Agreement Between Measurements of Shrub Cover Using Ground-Based Methods and Very Large Scale Aerial Imagery
AuthorMoffet, Corey A.
mountain big sagebrush
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CitationMoffet, C. A. (2009). Agreement between measurements of shrub cover using ground-based methods and very large scale aerial imagery. Rangeland Ecology & Management, 62(3), 268-277.
PublisherSociety for Range Management
JournalRangeland Ecology & Management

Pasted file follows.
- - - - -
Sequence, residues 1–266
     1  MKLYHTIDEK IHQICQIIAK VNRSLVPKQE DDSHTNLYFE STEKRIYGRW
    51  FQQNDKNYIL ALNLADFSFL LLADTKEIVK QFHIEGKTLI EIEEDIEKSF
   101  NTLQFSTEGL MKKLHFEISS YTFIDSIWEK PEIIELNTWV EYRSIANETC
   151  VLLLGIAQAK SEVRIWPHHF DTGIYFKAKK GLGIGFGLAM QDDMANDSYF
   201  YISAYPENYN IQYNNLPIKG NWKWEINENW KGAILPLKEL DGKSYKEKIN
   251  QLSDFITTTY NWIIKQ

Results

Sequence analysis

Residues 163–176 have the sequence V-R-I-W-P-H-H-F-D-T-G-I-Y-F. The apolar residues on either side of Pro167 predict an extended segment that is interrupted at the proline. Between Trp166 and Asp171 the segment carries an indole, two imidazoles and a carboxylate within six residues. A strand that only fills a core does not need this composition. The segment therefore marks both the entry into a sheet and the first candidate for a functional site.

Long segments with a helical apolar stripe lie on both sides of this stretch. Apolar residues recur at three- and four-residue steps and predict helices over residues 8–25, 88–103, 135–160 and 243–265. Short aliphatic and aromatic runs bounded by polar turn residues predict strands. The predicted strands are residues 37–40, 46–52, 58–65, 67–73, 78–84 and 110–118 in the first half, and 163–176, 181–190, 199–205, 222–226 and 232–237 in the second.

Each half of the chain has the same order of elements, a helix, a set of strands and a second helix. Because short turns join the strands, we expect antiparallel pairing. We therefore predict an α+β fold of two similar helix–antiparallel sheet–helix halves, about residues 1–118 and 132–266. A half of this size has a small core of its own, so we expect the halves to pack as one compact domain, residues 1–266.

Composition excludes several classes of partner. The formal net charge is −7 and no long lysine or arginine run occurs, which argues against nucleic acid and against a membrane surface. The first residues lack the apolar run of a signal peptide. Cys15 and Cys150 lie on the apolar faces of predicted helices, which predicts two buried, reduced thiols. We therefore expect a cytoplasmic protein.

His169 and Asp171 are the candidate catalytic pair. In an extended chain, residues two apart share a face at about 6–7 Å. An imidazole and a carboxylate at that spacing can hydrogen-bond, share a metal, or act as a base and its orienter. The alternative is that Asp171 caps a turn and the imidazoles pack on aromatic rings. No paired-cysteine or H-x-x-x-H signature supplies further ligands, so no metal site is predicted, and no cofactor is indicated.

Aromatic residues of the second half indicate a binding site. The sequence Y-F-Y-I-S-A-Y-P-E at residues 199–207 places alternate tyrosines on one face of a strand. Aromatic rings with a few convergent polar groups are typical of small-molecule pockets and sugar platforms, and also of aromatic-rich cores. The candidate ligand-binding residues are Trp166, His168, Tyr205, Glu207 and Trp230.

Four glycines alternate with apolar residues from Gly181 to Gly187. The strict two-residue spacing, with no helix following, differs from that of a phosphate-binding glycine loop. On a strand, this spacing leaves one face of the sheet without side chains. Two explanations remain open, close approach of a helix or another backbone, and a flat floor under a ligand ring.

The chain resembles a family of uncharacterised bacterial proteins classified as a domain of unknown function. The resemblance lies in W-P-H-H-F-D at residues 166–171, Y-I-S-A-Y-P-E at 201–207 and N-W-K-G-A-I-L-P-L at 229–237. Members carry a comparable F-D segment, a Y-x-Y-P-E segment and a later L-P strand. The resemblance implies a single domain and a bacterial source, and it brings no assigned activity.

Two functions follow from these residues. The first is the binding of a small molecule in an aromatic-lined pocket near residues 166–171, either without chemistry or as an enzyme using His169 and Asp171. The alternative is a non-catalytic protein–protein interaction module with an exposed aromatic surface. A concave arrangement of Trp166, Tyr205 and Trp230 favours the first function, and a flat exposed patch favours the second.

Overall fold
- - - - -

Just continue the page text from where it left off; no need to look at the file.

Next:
AbstractVery large scale aerial (VLSA) photography is a remote sensing method, which is collected and analyzed more efficiently than ground-based measurement methods, but agreement with ground-based measurements needs to be quantified. In this study, agreement between ground- and image-measured cover and precision, and accuracy of image locations and scale, were assessed. True image locations were determined by georeferencing images and conducting a ground search. Accuracy and precision of planned, aircraft, and georeferenced locations were evaluated by comparison with true image locations. Shrub cover was measured at true image locations using ground-based line-intercept and on the image using point-intercept. Sagebrush (Artemisia spp. L.), antelope bitterbrush (Purshia tridentata [Pursh] DC.), and spineless horsebrush (Tetradymia canescens DC.) were distinguished in the imagery. Agreement between ground- and image-based measurements was quantified using limit-of- agreement analysis. True ground locations of the VLSA images were within a 41-m radius of the aircraft location at the time of image acquisition, with 95% confidence. Using a panchromatic image from the QuickBird satellite (0.6-m pixel resolution) as a base map, 90% of true ground locations were within a 5-m radius of the location estimated from georeferencing the VLSA image to the base map. VLSA image-measured cover was, in general, unbiased with mean absolute differences between VLSA- and ground-based methods less than 1.3%. The degree of agreement and absence of bias between VLSA image-measured and ground-measured cover is sufficient to recommend using VLSA imagery to measure shrub cover.